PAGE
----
Tesco CEO blogs on food waste
Its shocking when you look at the numbers. Even though just 1 percent of food was...
One of the biggest issues supermarkets must face up to is food waste.
It’s shocking when you look at the numbers. Even though just 1 percent of food waste is from supermarkets, 55,400 tonnes of food was thrown away at Tesco stores in the past year. About 30,000 tonnes of that could have been eaten. That’s equivalent to over 70 million meals. It’s simply a huge amount of food.
The fact is there are people up and down the country who are hungry, and could really use the food we throw away. And one day, we want all of that food - all 30,000 tonnes of it – to be turned into those 70 million meals for the people who need it.
FareShare tell us they are facing increased demand for their services and it is constantly expanding its network of charities that provide people with food through homeless shelters, community projects, breakfast clubs and women’s refuges.
This is all the more shocking when you take into account the fact that that around 30 percent of food produced for UK customers goes to waste. Around a half is lost on farms and in the supply chain, and a roughly equal amount is thrown away in the home. It’s estimated that the average family puts about £700 worth of food in the bin each year, much of it still unopened in its packaging. 1 percent is wasted in retail operations, including our own.
We think we all have a responsibility to cut waste – not just in our own stores, but everywhere. We’re already working with our suppliers to cut food waste in the supply chain, working directly with them on ways to use as much of the crop as possible. We’ve also ended “Buy One, Get One Free” promotions on fruit and veg and are working with the Waste & Resources Action Programme (WRAP) to include ‘Love Food Hate Waste’ hints and tips on the packaging for many of our fruit and vegetable products.
We’re the only UK supermarket to publish data on food waste. But we know that publishing the numbers is just the start and there’s much more we need to do to make sure the number we publish keeps going down, year by year.
Last year, not long after I started at Tesco, I visited a number of our stores in Ireland. They were using a clever piece of technology, an app called FoodCloud, which store managers used to alert local charities about unsold food they had at the end of each day. The charities then came and picked the food up, and used it to feed people in need. People who were homeless, the elderly, or people who found themselves in a crisis and couldn’t pay the bills.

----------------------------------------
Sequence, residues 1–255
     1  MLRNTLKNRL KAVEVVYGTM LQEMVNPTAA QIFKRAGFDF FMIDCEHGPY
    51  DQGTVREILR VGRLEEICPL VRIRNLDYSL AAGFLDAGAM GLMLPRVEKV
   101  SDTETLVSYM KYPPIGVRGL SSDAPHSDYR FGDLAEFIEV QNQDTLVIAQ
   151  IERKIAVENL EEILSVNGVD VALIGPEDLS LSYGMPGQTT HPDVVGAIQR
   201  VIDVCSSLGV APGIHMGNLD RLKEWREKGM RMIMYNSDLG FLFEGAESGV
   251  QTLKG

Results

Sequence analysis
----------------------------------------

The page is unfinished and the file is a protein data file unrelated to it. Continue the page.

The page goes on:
It was a very simple system, and it worked. And now we’ve brought together the people behind FoodCloud and our existing charity partner, FareShare to bring it over to the UK. We’re starting slowly – it’ll be piloted in ten stores around the country at first. That’ll give us a chance to iron out any problems and get it right for when we roll it out more widely.
And when we do get it right, thousands of tonnes of food that could have been eaten will no longer go to waste.
It's going to be a challenge and we know we and our partners will learn a lot over the next year. This is a huge project and to make sure others can follow our lead, we’re going to share everything we learn to help other supermarkets and businesses who want to redistribute their surplus food too. If you run a charity or community group that would benefit from surplus food from Tesco stores then please register your interest with FareShare FoodCloud here.
We think this has the potential to be the biggest single step we’ve ever taken to cut food waste, and there’s no doubt the benefits could be significant.
Food waste is simply too big and too serious an issue for us to ignore.
NTT DATA Services, Remodelling Supply Chains for Resilience
Joey Dean, the man with the coolest name ever and Managing Director in the healthcare consulting practice for NTT DATA and is focused on delivering workplace transformation and enabling the future workforce for healthcare providers. Dean also leads client innovation programs to enhance service delivery and business outcomes for clients.